Last week’s midterm elections ended total Republican control in Washington , as the Democrats regained control of the House of Representatives. With some significant help from a skewed Senate map, in which Democrats and their allies had to defend 26 seats against the Republicans’ nine, Republicans held onto (and almost certainly increased) their majority in the Senate, pending the results of elections in Florida and Mississippi. This gave President Trump enough reason to claim victory in this election as he fended off a complete ‘Blue Wave .’
Now that the US mid-term elections are behind us, it is a good time to reflect on the potential implications for an asset class that might not spring to mind: emerging markets equity. To appreciate the effect of the US elections on emerging markets, it is necessary to take a step back and review the issues affecting the asset class. On the back of surging earnings and global synchronized economic growth, emerging markets soared in 2017, with the MSCI Emerging Markets Index (USD) up 37% in a market driven by growth and momentum.
The domestic equity markets fell sharply in October amidst high volatility, with big swings day to day, and in some cases, intraday. After leading the way up over the last six months, the growth indices led the way down in the reversal, driven by steep losses in the largest technology names, such as Amazon and Netflix, both down roughly 20%. The pullback in the month appears to be a reassessment of risk and some of the lofty valuations reached by these technology companies.
Investors continuously look for an edge, seeking to maximize returns relative to risks. Favored strategies change cyclically, or trend during certain market environments, but one has always been in style: value investing. Value investors attempt to find underpriced stocks relative to fundamentals, and often examine valuation ratios or use a discounted cash flow model to uncover them.
October has stayed true to the historical trend of being the most volatile month for stocks, with choppiness creeping in, the equity market tanking, and the S&P 500 Index dropping by more than 3% last Wednesday, October 10. The sudden spike in the longer end of the curve beginning mid-September is one of the reasons cited for this huge sell off. The yield on the 10-year Treasury Note recently soared to a high of 3.23%, a level not reached since July 2011.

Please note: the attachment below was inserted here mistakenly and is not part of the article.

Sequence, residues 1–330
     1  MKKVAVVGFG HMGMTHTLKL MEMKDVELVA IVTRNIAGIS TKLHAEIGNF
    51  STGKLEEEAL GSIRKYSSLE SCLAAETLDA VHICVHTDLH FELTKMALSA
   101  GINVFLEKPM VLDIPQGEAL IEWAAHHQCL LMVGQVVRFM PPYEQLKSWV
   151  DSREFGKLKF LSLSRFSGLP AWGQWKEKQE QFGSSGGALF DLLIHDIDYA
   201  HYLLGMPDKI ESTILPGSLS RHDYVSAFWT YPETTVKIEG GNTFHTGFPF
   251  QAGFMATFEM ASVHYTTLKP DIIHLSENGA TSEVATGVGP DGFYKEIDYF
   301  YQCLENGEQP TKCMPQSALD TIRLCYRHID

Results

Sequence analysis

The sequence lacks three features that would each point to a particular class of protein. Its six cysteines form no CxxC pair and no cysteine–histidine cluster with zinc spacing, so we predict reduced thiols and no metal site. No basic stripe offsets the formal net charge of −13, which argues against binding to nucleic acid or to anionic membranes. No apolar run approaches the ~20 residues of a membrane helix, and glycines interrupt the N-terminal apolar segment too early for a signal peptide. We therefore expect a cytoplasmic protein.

The domestic equity market continued to roll right along in August, driven by the Information Technology, Health Care, and Consumer Discretionary sectors. Given the much higher representation of these sectors in the growth indices, it is no surprise that growth outperformed value across the market cap spectrum. The Energy sector was the worst performer for the month, driven by the falling price of oil from its early August highs. This is the fourth consecutive month of positive returns for the large cap indices and the sixth consecutive month for the small cap indices.
Emerging markets stocks have declined significantly thus far in 2018, after a solid rally last year that led to the asset class’s best return since 2009. After reaching highs in late January, the space has slumped nearly 20%, stoking fears of further downside and potential contagion. The sharp pullback has caused many investors to question their commitment to emerging markets. Should they be worried, or is this pullback to be expected, given the historical volatility of the asset class?
Oh how the mighty have fallen…or have they? FAANG, an acronym that represents five of the most popularly traded Information Technology stocks, including Facebook, Apple, Amazon, Netflix, and Google (whose parent company is Alphabet), generally sets the tone of the domestic equity markets. Looking at attribution for large cap growth managers, over and underweights to these stocks in many cases have influenced the returns of their investment portfolios relative to their peers and benchmarks.
Domestic equity markets posted strong returns in the month of July, with most of the price appreciation coming in the first two weeks of trading. During the month, markets reached highs not seen since the end of January on news of strong economic data. The unemployment rate declined to 3.9%, the second lowest rate in the last 48 years, and second-quarter US Gross Domestic Product (GDP) grew 4.1%, the highest rate in almost four years.
Earlier this week, the International Monetary Fund (IMF) issued an updated World Economic Outlook, keeping its global forecast unchanged since April. It continued with an optimistic prediction that the world economy will grow 3.9% through 2019, but warns that expansion will be less synchronized, with risks tilted to the downside. 1 The IMF believes that near-term momentum in the US will continue, but is less optimistic about the eurozone, Japan, Latin America, and the U.K.